J. Scott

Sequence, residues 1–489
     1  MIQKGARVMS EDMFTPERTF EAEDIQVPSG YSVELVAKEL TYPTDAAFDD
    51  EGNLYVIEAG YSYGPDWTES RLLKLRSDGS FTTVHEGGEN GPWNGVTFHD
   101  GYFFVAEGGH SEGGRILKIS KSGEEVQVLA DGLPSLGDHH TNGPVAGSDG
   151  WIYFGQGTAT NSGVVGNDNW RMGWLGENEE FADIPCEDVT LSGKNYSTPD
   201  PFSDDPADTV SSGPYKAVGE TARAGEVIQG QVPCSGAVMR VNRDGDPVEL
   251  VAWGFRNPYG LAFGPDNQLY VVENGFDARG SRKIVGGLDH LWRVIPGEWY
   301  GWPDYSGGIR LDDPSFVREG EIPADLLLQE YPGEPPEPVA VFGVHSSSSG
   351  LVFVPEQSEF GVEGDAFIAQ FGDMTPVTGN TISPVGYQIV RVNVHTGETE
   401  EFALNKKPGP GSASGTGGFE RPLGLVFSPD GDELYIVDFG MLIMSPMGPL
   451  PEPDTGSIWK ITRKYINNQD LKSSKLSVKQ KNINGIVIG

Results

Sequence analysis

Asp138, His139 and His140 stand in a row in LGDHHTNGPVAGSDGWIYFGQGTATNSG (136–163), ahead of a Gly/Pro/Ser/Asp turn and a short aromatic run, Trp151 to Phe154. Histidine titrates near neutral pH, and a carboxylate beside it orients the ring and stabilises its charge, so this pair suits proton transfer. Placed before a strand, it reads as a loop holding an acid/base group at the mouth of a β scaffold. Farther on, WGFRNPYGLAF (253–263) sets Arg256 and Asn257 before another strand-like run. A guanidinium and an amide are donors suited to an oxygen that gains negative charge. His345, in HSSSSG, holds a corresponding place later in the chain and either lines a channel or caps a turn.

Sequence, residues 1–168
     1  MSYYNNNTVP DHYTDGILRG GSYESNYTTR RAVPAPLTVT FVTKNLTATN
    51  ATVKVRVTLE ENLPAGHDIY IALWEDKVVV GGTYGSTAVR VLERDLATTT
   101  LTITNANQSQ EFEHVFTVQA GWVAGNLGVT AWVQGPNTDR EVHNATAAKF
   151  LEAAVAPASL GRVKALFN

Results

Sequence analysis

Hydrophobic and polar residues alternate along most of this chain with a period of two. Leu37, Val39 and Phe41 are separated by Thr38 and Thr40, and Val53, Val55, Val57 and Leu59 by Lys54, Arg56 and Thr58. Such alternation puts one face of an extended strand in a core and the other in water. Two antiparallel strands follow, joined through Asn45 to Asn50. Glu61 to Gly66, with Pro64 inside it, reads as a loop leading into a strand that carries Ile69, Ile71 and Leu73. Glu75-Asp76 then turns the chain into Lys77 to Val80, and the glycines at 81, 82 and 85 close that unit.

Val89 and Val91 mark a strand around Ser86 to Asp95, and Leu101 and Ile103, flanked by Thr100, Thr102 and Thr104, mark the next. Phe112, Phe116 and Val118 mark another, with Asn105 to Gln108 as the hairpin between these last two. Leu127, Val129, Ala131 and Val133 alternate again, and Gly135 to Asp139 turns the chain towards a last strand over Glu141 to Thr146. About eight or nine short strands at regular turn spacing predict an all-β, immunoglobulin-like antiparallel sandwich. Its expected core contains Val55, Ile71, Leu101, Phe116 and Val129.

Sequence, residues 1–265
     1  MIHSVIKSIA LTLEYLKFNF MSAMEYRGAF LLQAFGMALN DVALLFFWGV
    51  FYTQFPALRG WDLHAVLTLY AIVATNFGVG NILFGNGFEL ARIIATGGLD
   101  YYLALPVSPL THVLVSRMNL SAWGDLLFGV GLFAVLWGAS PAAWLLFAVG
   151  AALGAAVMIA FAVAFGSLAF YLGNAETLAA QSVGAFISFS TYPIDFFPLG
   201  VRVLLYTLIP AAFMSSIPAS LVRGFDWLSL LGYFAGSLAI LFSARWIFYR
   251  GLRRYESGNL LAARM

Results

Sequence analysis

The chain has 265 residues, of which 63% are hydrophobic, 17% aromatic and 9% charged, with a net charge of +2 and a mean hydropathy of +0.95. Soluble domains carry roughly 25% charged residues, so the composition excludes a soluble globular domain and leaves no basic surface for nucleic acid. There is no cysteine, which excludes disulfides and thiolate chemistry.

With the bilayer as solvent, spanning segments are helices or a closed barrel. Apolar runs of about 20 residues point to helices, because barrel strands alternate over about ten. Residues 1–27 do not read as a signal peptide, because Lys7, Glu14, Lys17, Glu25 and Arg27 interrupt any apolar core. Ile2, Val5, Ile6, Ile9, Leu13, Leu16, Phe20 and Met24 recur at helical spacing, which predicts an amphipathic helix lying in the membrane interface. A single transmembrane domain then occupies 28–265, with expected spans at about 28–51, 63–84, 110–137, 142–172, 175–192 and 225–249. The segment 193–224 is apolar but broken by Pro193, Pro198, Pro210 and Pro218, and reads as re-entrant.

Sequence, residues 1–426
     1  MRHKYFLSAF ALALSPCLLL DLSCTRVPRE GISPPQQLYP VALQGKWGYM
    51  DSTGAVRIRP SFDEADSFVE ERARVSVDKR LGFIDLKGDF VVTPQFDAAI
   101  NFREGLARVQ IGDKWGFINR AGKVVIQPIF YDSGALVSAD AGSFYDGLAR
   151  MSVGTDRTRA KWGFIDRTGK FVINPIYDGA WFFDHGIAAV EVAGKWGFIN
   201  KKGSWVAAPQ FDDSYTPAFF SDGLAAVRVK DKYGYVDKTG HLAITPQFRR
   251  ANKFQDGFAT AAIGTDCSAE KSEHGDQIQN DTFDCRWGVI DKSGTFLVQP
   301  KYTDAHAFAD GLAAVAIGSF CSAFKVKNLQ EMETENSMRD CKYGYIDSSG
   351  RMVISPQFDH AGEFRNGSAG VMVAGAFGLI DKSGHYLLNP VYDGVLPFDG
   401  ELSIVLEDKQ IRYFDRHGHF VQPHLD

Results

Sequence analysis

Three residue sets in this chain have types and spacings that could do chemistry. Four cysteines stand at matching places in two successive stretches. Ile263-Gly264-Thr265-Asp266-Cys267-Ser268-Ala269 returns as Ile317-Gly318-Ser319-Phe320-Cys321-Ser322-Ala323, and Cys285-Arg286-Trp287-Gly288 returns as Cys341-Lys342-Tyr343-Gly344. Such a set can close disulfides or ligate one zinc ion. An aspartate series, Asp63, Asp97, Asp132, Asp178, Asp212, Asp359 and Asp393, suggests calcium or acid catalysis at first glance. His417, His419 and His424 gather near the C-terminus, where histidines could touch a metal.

During the twenties and thirties, most of the dwindling fleet of sailing coasters-those which could still find work-were rigged down and fitted with oil engines. But Captain John refused motor power and, with his son Christy as mate, went about his business in the traditional manner, using God 's free wind. On one occasion in Dublin, he got orders to vacate his berth in Alexandra Basin. He had only the cook on board at the time, but with no other help he raised a few eyebrows by sailing his 99-foot schooner out of the basin and upstream to the South Wall. By 1941 Brooklands was the very last schooner in Britain or Ireland still trading solely under sail , an anachronism in the mid-twentieth century. When old Captain John retired, Christy continued as skipper and could still make the Poolbeg Light (Dublin Bay) from Roches Point (Cork) in twenty-two hours with a fair wind in 1945. This, indeed, was a notable performance for an 86-year-old wooden vessel and compares favorably with some powered coasters of the day. In September 1946, she left Callinacurra for the last time with a cargo of silica clay for Weston Point in the Mersey. There, she was laid up for nearly a year until chartered and refitted for service in the West Indies, quite an extraordinary development at this advanced stage of her life. But it was not to be. She left Birkenhead late in September 1947 bound for Jamaica and soon ran into a gale, which forced her to run back for the Mersey damaged and minus three sails. Legal complications arose following the death of her charterer, A. A. Harris, in the tragic loss of the schooner I sallt on the Wexford coast in December. Old Brooklands was laid up once more at Wallasey opposite Liverpool with her future uncertain. In June 1948, she was purchased by Captain Ashworth of Courtown, County Wexford, who had her brought back to Arklow for refitting. In deference to seafaring tradition that it is bad luck to change a ship' s name, her new owner reverted to her original title, Susan Vittery. But from then on, all luck seemed to desert the 90-year-old lady. With tier topmasts and square yards removed and two auxiliary engines installed, she left Arklow for Garson in August 1949 to load her first cargo in three years. She went aground in the Mersey but was refloated. On the return passage, she ran into a southeast gale and with her engines giving trouble, she lost her mainsail before making anchorage at Rosslare. Her crew were taken off by Rosslare lifeboat but returned later to complete the passage to Y oughal, County Cork. After that, the old schooner was laid up at Wicklow for over two years and, indeed, it looked as if there she would end her days. But in 1952 she started yet another, and what proved to be the final , chapter of her long and adventurous career. She was purchased by a Dublin group who refitted her with two large diesel engines and cut down her rigging still further to just three steadying sails. The almost unrecognizable veteran then loaded phosphate at Dublin and sailed for Dungarvan, County Waterford, where she went aground near the quay . The Local council pumped her out and , after discharging her cargo, the Susan Vittery sailed on her last passage. Near the Saltee Islands, she sprang a serious leak and, despite continuous pumping, the water gained steadily. Within three miles of the shelter ofRosslare, at dawn on Easter Monday 1953, the famous old schooner gave up the ghost to end a lifespan of 94 years. Her crew got clear in the boat and were saved. In retrospect, it almost seems that after passing from SEA HISTORY 60, WINTER 1991-92